OCD in the Workplace

Request a Callback

    This site is protected by reCAPTCHA and the Google Privacy Policy and Terms of Service apply.

    Helping employees with compulsive behaviour patterns face up to and overcome obsession-driven conduct at work.

    A close up of hands gesturing

    Managing behaviour and confronting fears

    Managing OCD in the workplace can be difficult for unsupported employees who have difficulties controlling their behaviour. OCD, or Obsessive Compulsive Disorder, compels people to follow behavioural patterns which appear illogical to others. Individuals with OCD at work often realise the behaviour is irrational too, but even that admission is not enough to stop it from occurring. 

    In some ways, employees with OCD in the workplace are held hostage by intrusive thoughts and debilitating obsessions. For example, an employee may have contamination fears about their immediate work environment. This prompts compulsive behaviour relating to hygiene such as repeated hand washing, desk cleaning and the avoidance of workplace areas which they perceive to be a threat to health. 

    This behaviour, one of many examples of OCD at work, is not necessarily harmful in itself but time spent on these obsessions means employees can encounter difficulties when required to concentrate on work and meet deadlines. The obsessions can often become all-encompassing and extremely pervasive. 

    The key to limiting the negative effects of OCD is to create support systems and strategies for managing OCD in the workplace. With the correct approach and targeted coaching, employees with OCD can begin to feel comfortable at work again and ready to contribute fully to both personal and overall business objectives.


    Insight into OCD

    Our trainers help employees with OCD confront the facts about the disorder with a view to revealing its true nature.

    Coping Strategies

    Techniques to recognise compulsive thoughts and alter the responses to them, breaking the link with potentially negative behaviour.

    Workplace Adjustments

    Suggestions for straightforward changes to an employee’s immediate work environment to promote better focus and expediency.

    Assistive-Technology Provision

    Recommendations for equipment and software which can help users focus on performing workplace tasks with more precision.


    Initiating Change

    People with OCD behave in a certain way because they feel they have to. If they don’t perform a particular action or course of conduct, however irrational, they believe bad things will happen to them or others. Performing this “ritual” temporarily alleviates the anxiety-burden of the obsession. This behaviour, if left unsupported, often escalates and in worst-case scenarios can completely dominate a person’s life or force someone to retreat to a “safe” space for fear of the dangers associated with the outside world. 

    Helping someone with OCD understand the mechanics of how the disorder manifests, in objective terms, is a great first step to overcoming OCD at work. By depersonalising the behaviour and explaining why it happens, the link between obsession and compulsion is challenged. Further training and support seeks to break these links completely.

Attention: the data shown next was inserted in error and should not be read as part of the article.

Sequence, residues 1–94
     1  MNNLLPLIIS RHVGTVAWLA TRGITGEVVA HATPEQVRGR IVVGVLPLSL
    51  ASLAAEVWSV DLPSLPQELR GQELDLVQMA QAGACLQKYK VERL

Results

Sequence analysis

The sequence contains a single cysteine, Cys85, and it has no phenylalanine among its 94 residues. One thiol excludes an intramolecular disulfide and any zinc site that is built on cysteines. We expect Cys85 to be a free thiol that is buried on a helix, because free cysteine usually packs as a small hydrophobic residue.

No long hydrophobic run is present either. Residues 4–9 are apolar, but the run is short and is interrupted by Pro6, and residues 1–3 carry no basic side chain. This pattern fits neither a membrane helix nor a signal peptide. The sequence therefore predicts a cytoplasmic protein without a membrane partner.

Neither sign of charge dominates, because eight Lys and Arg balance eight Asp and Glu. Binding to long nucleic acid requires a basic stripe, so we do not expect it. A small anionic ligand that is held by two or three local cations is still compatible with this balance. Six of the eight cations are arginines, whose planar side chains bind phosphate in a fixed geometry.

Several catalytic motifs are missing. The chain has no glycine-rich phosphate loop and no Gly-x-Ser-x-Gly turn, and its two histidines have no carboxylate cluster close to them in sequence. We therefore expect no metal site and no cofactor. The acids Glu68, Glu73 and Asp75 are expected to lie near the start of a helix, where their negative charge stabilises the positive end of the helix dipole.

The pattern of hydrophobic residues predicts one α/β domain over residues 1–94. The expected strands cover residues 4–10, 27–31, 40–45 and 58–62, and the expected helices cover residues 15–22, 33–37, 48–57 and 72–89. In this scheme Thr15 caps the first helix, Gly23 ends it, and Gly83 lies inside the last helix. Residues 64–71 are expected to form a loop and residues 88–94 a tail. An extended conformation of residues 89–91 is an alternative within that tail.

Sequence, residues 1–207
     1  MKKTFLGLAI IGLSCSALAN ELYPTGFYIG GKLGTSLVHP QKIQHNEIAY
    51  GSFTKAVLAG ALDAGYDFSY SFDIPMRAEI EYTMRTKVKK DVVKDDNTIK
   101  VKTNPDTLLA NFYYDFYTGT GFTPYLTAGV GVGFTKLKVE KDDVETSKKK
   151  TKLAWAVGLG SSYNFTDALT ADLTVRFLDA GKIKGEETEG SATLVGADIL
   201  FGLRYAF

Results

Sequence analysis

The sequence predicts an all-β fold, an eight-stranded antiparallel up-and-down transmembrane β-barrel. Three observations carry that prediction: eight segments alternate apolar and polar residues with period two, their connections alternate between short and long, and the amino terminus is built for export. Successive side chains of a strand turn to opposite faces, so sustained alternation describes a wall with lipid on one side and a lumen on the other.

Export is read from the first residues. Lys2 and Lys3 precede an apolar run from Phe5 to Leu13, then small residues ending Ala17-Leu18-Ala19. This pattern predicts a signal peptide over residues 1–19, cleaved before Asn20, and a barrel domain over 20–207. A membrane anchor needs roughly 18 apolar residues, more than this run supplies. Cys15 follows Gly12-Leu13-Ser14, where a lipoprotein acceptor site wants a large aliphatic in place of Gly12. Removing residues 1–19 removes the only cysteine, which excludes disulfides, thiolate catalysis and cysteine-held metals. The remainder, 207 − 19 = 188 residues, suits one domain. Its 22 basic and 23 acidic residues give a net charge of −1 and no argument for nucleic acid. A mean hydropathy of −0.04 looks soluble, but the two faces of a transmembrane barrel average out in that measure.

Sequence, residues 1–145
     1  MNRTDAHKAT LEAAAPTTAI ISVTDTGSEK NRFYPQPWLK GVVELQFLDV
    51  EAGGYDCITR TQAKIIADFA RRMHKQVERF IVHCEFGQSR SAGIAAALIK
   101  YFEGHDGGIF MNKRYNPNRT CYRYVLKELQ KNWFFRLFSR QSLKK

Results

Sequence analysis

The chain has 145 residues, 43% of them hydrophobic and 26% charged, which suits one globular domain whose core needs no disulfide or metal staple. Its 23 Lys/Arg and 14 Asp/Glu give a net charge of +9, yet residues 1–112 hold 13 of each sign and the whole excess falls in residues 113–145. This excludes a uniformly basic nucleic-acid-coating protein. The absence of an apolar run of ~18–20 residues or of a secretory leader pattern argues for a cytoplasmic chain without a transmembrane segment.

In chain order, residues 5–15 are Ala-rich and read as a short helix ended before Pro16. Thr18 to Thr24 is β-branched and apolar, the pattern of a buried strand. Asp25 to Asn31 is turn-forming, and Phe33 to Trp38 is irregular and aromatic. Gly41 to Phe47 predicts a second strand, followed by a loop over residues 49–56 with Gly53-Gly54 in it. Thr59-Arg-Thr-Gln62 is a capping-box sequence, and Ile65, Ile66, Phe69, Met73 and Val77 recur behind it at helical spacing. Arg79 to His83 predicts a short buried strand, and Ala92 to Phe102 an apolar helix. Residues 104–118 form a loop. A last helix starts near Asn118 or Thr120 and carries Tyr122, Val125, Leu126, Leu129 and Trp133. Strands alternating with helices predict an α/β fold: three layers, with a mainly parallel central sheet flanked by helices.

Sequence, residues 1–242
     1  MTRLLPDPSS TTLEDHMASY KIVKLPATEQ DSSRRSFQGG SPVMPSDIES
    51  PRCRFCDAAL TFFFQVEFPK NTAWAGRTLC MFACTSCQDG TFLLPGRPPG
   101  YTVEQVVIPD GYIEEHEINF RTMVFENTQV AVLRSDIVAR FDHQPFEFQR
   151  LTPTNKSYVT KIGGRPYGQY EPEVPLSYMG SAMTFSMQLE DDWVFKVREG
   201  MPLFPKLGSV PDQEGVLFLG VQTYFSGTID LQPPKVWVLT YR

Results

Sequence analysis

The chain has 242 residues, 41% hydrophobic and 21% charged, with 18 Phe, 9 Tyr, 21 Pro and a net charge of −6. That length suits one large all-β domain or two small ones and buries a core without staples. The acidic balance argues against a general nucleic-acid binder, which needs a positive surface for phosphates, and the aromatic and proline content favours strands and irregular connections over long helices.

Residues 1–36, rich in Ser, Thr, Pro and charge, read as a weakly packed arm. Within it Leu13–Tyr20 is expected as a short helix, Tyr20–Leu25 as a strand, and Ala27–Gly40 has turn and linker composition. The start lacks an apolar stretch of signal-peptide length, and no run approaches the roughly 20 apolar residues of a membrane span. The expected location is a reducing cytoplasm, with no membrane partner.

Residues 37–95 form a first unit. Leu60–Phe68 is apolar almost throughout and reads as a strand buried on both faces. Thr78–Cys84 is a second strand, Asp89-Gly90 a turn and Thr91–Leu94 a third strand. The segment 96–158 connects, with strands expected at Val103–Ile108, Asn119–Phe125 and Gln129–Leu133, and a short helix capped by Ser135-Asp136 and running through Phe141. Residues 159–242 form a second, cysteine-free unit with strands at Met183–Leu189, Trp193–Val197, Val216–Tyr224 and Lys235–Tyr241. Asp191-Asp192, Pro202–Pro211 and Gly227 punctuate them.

Two women working together


    Increased Staff Awareness

    Informed staff can make better decisions about managing OCD in the workplace and contribute fully to a more inclusive work environment.

    Better Workflows

    Freeing staff from the shackles of compulsive behaviour makes work processes and practices more efficient and cost-effective.

    Improved Work Environment

    Compulsive behaviour affects everyone in the workplace, not just employees with OCD. Tackling it creates a better atmosphere at work.

    Unburdened Employees

    Let employees show their true nature and workplace potential, allowing them to concentrate on work rather than intrusive thoughts.


    Tackling OCD in the workplace shares similar traits with treating other types of neurodiversity. The key is to assess the needs of the individual employee and then tailor support systems which address those requirements. For OCD in particular, more emphasis is placed on coaching which focuses on resolving the difficulties associated with often highly-specific obsessions.
    Focusing on an obsession and then adapting behaviour to mitigate the harmful effects of that obsession is not only time consuming but also mentally draining. This reduces the time available to focus on job demands and makes it harder to concentrate on work tasks. It affects work relationships too – colleagues can be negatively affected by what they perceive as irrational behaviour.
    As with all neurodiversity, declaring it to an employer is a deeply personal choice. There are many factors to consider – the nature of the role and the extent of an individual’s OCD tendencies are just two. If employees believe that their OCD at work is materially affecting their performance then they should let their employer know. It’s the first step to getting the correct support needed to adequately tackle the problem.
    Although assistive technology can help employees with OCD better perform workplace-based tasks, the emphasis on alleviating the negative consequences of OCD at work focuses more on developing support systems and coping strategies.
    Contact a ToHealth advisor on 0800 014 1982, or email admin@tohealth-pam.co.uk